|Elizabeth Taylor won an Oscar for "Butterfield 8."|
|Elizabeth Taylor and Rock Hudson in "Giant"|
Although her movies weren't shown at the university cinema--the "star" system was frowned upon and we saw exclusively Fellini, Jean Renoir, and Martin Scorsese--we watched the DVDs of Cat on a Hot Tin Roof and her comparable great movies.
Then there was her AIDS work.
When she died, I was sad. So my husband got me C. David Heymann's Liz: An Intimate Biography of Elizabeth Taylor.
It's a very fast read, very absorbing.
The first chapter is almost shockingly frank. It begins with her rehab in 1983 at the Betty Ford Center for drug and alcohol rehabilitation. She was forced to share a room and share the cleaning of the unit. In her journal she wrote,
"Nobody here wants anything from anybody else except to share and help. It's probably the first time since I was nine that nobody has wanted to exploit me. Now the bad news. I feel like hell. I'm going through my body. I can almost see it, rushing like red water over the boulders in my pain-filled neck and shoulders, then through my ears and into my pounding head. My eyelids flutter. Oh God, I am so, so tired."Peter Lawford, the actor, a friend of Liz, entered the Betty Ford Clinic at the same time. He ran away into the desert, looking for a liquor store. He contacted a drug dealer who leased a helicopter and landed near the center. A comedy of rehab.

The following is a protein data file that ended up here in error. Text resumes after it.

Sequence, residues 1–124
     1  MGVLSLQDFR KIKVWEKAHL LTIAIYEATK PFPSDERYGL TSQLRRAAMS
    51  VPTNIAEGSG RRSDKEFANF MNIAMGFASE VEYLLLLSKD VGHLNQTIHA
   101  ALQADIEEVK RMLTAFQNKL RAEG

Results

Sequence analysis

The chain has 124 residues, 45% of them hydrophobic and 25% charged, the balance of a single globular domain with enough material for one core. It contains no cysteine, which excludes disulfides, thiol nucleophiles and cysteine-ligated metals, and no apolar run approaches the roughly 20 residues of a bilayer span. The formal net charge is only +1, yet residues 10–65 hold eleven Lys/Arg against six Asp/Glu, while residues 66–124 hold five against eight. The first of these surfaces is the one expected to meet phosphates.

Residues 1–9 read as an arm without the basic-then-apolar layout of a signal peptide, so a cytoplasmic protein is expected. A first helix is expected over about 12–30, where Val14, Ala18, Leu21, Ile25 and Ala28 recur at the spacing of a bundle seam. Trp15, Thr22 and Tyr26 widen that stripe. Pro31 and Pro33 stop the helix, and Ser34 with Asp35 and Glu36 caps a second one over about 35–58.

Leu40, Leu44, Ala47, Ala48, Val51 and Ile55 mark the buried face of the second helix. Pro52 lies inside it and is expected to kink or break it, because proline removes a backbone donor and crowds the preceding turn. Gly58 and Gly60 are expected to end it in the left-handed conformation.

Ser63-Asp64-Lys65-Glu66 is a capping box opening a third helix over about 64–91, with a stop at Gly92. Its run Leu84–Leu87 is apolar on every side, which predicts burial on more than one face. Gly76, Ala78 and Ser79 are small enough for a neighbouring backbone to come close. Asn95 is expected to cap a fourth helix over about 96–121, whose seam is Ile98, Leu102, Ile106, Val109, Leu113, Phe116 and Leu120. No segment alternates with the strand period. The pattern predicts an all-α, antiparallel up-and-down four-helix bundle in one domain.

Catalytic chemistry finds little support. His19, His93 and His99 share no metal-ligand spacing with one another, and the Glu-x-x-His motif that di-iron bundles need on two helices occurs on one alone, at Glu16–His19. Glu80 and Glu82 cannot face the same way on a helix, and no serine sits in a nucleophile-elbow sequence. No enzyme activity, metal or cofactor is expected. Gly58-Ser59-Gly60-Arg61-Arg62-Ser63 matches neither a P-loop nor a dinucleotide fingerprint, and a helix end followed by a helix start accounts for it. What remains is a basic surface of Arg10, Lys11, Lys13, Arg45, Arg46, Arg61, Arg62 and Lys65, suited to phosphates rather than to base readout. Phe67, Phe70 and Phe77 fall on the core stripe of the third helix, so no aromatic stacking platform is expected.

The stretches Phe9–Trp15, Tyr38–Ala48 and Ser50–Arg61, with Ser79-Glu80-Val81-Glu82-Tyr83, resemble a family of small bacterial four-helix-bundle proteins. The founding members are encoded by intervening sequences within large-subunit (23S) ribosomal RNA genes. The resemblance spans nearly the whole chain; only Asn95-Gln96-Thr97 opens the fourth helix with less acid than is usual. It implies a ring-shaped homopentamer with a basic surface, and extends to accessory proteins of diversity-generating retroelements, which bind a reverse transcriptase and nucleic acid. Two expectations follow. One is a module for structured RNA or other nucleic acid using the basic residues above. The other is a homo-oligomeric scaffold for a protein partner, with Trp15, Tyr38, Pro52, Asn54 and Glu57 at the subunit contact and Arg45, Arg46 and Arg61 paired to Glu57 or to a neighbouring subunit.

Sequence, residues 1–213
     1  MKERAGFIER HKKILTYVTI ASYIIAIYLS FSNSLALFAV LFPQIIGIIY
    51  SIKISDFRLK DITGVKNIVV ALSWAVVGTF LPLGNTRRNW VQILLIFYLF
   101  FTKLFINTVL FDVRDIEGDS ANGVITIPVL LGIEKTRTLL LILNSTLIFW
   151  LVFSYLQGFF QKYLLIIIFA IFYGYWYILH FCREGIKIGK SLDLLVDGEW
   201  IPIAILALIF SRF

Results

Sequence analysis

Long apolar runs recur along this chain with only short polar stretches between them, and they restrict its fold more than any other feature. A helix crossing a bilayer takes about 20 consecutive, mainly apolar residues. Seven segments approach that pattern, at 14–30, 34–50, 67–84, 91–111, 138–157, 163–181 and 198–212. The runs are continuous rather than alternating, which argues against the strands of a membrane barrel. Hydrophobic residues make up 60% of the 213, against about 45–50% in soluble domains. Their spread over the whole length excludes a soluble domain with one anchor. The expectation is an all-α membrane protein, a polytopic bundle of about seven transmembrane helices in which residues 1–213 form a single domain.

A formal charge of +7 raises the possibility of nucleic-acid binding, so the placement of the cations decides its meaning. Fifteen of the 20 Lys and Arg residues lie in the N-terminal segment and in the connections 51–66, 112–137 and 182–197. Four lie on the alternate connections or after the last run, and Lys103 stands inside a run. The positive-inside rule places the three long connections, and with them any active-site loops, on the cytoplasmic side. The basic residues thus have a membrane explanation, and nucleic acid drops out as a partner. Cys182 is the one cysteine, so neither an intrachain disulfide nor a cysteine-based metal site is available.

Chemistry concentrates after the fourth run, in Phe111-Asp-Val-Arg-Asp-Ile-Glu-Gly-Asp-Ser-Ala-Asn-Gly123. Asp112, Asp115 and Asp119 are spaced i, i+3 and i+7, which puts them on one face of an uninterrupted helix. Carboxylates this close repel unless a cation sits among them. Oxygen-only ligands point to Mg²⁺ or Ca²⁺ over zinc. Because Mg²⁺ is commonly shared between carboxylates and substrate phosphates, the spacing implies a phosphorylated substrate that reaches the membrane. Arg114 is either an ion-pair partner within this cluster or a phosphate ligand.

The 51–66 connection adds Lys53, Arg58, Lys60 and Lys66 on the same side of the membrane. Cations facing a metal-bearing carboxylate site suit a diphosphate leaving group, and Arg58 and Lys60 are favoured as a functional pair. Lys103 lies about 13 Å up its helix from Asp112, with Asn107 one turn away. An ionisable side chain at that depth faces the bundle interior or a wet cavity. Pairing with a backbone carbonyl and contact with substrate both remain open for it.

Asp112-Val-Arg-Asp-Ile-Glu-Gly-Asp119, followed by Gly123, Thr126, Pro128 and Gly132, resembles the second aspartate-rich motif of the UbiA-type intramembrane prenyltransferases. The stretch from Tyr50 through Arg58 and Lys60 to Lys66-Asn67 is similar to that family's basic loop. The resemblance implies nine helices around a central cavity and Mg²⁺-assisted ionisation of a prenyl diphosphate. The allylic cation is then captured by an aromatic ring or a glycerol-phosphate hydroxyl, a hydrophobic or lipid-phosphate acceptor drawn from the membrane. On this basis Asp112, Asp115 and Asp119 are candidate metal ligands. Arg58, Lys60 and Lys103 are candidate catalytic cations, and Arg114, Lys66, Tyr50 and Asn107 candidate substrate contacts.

Everybody who has been in rehab, or visited someone in rehab, will recognize these scenes. Somebody is cured, but somebody else is kicked out for smuggling in cocaine. These places are far from pristine, so I'm not surprised about Peter Lawford. Plenty of good people have a drug or alcohol problem. (Not I: I'm a "non-addictive personality," apparently meaning I don't drink or take drugs.)
The photographs in this book are gorgeous. Liz is glamorous, but somehow human. Doesn't she look charming on her Acapulco honeymoon with Mike Todd in 1953? Yet she isn't perfect. It's not an air-brushed picture.
She died on March 23 of heart failure. Still lovely after all those years.